• EVERY neighborhood in DC needs these (corner taverns, Chicago is just one example). That is one of my biggest issues with this town. OK, obviously not THE biggest, but something that we lack for the most part. And I totally disagree with the poster above who indicated that these corner bars are anachromisms and suitable only for “blue collar chums”. Go to Chicago (or Baltimore or Philly or any other major city where they abound) and you’ll see lots of suits and ties unwinding after work, and even *gasp!* parents (with their CHILDREN! NOOOOO!!!!) hanging out with their neighbors. If we had more places like this I would guarantee there would be less class-based neighborhood strife in this town. Except for the part where the snobby newcomers wouldn’t deign to enter a “blue collar” establishment and the long time resident churchies wouldn’t be caught dead in a den of sin. So, yeah, maybe that wouldn’t work 😉

  • My vote:


    Unfortunately this was recently bought and converted into a private residence. 🙁

  • upshur just doesn’t have enough of the right foot traffic to support a bar. there is a reason why all the bars in the area are opening up just south of the metro. the area is getting denser, and with the type of people that will go to bars like this. plus it doesn’t seem quite as “up there” to the typical dupont/u-street/shaw yuppie.

    • There *are* bars opening up just south of the metro — that’s good. That also means there’s room for one further north, near Upshur. A neighborhood bar would, by definition, serve the neighbors, so it wouldn’t matter what typical dupont/u-street residents might think about its proximity. There is foot traffic there too but I don’t know what ‘type’ it is.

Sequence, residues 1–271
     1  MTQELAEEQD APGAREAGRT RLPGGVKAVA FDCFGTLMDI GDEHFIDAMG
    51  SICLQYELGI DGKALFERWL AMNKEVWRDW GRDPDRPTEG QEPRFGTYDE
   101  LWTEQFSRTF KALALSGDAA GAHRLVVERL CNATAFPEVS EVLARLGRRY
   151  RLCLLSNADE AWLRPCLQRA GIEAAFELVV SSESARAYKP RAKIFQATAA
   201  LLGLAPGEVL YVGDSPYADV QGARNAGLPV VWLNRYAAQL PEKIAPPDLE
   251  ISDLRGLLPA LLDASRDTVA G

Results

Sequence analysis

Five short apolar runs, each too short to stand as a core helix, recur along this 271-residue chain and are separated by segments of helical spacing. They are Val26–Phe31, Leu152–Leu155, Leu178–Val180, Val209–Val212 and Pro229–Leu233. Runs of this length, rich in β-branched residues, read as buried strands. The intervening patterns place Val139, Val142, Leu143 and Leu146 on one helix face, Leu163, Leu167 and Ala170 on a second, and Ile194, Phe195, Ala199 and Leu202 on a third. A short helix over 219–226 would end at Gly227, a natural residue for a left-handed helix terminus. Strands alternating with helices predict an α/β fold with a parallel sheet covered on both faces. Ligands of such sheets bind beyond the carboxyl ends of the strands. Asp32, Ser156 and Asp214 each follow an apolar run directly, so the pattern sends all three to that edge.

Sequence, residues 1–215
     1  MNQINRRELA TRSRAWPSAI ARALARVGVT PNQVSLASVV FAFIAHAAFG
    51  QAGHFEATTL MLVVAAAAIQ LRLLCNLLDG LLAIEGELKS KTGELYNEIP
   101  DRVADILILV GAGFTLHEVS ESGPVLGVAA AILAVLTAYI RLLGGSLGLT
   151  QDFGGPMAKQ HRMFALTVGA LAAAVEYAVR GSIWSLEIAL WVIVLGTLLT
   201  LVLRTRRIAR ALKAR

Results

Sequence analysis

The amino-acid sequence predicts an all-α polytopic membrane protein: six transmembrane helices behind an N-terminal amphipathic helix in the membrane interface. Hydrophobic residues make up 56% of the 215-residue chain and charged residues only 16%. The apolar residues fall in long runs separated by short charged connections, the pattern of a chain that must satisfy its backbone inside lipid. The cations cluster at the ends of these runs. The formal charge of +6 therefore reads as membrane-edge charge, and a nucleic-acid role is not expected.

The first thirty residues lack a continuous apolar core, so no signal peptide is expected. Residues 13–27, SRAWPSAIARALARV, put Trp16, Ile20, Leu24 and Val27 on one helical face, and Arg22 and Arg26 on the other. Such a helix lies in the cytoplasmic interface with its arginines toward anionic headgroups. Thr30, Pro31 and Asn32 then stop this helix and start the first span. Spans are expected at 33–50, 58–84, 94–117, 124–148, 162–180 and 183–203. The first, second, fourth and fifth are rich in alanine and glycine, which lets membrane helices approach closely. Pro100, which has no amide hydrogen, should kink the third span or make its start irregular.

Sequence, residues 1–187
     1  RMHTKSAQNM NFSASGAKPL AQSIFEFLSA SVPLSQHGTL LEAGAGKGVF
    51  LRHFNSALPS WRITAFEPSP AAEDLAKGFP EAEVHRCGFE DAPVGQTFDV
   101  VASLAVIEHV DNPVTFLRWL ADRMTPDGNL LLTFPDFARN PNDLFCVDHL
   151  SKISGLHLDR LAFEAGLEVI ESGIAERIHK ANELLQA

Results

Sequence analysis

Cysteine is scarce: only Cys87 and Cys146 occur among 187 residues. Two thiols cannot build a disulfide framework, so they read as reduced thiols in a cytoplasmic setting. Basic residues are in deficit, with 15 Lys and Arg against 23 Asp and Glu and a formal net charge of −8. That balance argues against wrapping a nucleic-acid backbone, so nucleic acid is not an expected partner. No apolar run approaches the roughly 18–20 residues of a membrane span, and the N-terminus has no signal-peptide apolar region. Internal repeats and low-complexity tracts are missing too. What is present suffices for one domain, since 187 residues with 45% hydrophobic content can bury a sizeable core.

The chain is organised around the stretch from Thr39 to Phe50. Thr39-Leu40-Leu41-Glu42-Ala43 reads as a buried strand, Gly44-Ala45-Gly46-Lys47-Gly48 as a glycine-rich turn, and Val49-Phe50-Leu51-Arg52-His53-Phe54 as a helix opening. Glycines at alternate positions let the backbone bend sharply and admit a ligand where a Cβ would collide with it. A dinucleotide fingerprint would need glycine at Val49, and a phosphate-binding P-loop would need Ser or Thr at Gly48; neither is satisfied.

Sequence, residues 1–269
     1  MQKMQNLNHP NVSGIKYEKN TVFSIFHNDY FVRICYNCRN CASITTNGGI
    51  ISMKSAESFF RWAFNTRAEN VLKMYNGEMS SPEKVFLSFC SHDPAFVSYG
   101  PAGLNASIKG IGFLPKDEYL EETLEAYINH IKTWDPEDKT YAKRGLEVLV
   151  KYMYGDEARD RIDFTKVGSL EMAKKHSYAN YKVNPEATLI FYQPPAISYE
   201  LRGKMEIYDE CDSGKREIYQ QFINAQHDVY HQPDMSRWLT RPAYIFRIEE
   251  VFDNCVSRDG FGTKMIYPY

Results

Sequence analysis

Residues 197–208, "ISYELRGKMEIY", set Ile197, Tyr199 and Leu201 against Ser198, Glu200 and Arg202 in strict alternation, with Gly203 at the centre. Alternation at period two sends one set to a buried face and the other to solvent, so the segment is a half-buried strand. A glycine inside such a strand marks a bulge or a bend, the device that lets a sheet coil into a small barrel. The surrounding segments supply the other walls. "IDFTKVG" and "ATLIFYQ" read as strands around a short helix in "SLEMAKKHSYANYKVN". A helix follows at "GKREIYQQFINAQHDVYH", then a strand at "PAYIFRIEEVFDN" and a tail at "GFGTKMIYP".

• a bar in petworth isn’t going to be prosperous just by serving neighbors. the neighborhood has relatively low density and low household incomes. bars like red derby rely on neighborhood regulars, but it has become really popular as it has started pulling in patrons from surrounding neighborhoods and beyond.

        • I’m not so sure. First of all, there are a number of viable businesses in the area, and there seem to be more on the way. Second, I see a LOT of new faces in the neighborhood these days, and it wouldn’t surprise me in the least for them to gather, on occasion, at a local watering hole. They already do so at places like El Torogoz and Domku. Third, there are large apartments/condos currently being built of planned along Georgia Ave., just north of the metro, so there will be even more foot traffic to come. Within a block of my house, there are currently three houses being renovated and converted into condos, rather than single-family homes. I don’t know if that’s a sustainable practice on the part of developers, but it has opened my eyes to the growing popularity of the neighborhood.